The 2 1/2-ton Indian elephant ran away at bath time, said eyewitness Sabrina Flynn to BBC News. They were being washed and one little fellow didn't want to be washed; [s]he just got all upset and broke the barrier and ran out on to the main road. Split seconds! she said.
A bystander in a nearby apartment caught footage of the beast as it ran in the parking lot of a coffee shop in the city center. Animal handlers ran alongside, trying to steer it in the right direction. They succeeded, but it took a few minutes; the elephant made it more than 200 meters away from the circus.
Baby's keeper told BBC that the public was never at risk. Danger? You cannot say danger, because we know [she doesn't] hate people, alright? That you must understand, he said.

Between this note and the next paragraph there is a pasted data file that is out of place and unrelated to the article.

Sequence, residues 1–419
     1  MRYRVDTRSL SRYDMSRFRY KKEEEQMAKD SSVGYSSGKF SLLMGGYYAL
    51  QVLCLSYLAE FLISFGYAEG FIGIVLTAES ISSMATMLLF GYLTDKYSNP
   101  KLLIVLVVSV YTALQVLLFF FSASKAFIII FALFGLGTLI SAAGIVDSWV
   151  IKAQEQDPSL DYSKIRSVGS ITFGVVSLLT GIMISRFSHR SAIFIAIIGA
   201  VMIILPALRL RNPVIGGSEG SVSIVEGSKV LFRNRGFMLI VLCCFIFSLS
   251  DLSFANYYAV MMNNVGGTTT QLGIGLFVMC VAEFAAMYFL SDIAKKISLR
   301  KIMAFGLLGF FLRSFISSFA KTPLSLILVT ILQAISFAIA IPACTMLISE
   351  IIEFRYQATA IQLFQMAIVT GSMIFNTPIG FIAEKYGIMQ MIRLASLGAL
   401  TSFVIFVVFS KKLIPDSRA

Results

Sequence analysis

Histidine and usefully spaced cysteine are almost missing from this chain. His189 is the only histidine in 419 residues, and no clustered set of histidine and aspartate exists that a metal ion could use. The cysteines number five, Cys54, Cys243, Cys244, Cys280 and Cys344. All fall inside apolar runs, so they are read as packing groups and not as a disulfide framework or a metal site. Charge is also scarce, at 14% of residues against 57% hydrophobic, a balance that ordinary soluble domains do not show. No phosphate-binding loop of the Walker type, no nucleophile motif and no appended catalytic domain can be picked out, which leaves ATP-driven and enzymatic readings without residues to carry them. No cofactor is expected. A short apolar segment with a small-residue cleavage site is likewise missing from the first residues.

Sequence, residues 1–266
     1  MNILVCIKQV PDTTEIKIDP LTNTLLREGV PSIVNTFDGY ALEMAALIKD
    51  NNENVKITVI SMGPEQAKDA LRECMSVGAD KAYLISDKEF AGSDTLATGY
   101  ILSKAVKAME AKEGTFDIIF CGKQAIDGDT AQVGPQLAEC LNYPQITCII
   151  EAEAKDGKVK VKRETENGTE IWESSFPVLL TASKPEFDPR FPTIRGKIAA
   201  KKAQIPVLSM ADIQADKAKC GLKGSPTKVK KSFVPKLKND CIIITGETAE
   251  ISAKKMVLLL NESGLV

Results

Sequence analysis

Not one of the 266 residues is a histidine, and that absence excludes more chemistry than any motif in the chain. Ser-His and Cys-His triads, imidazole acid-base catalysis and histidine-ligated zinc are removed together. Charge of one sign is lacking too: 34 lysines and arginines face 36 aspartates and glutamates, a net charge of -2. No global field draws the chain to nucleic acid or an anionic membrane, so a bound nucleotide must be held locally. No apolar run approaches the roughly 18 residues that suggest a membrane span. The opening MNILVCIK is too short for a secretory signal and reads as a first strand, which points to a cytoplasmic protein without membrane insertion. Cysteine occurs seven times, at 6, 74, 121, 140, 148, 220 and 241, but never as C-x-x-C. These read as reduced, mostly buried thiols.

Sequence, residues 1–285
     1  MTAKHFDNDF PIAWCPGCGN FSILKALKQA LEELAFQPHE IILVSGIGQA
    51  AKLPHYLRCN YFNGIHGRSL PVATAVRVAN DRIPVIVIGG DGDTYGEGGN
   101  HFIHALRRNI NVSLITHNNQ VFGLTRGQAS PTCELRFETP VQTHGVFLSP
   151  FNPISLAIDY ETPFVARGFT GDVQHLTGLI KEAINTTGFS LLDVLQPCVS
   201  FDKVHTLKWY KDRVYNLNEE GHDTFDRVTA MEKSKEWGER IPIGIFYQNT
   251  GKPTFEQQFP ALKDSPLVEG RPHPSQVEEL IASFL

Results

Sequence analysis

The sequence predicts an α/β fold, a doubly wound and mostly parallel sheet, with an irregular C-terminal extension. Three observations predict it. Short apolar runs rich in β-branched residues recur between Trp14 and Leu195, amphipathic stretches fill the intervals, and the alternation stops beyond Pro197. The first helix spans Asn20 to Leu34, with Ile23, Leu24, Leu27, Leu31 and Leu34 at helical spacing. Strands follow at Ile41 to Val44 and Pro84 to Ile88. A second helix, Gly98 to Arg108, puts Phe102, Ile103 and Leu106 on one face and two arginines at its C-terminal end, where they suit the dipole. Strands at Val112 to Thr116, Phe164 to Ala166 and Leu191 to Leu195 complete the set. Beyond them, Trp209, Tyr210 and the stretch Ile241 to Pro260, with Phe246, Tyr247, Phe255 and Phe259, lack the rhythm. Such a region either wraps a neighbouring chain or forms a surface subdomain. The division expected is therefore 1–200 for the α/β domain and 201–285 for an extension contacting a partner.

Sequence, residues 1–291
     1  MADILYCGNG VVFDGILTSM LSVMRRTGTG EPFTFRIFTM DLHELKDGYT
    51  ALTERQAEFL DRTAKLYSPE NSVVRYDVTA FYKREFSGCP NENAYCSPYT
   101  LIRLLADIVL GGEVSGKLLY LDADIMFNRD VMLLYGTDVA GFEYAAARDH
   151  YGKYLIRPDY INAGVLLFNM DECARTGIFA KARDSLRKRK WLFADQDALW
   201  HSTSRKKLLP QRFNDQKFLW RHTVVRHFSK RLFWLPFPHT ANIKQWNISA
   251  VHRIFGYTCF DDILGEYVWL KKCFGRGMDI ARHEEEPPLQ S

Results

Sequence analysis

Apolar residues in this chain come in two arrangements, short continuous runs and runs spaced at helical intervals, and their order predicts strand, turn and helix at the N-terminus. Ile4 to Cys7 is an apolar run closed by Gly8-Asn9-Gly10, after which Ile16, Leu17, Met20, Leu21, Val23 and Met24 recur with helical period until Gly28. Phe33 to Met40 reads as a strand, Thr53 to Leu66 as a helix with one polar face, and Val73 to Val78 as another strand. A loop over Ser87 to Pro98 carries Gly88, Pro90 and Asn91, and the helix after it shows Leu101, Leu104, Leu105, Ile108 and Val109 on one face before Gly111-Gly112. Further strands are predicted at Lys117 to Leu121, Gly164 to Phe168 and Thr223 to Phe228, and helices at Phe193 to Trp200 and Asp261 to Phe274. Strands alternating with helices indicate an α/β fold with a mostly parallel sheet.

But some were more concerned about Baby's welfare than about public danger. [S]he doesn't look happy, said the man who recorded the video of the elephant as she made her way from the parking lot and down a main street.
He's not the only one to think so; animal rights organizations are seizing the opportunity to protest the captivity of performing animals.
Animal Rights Action Network is trying to ban circus acts featuring animals. They have plans to picket Courtney Circus, where Baby performs. Their spokesman, John Carmody, explained his stance to the Irish Examiner.
These are animals that belong in the wild but are kept in cramped vans and wagons for transportation and then made to perform ridiculous, degrading acts, he said.
Courtney Brothers spokesman Jim Conway dismissed the criticism. Apart from common decency, it would be stupidity to abuse the animals that support our livelihoods, he said.
The elephant was returned to the circus in preparation for a scheduled performance on Wednesday night, reports RTE news.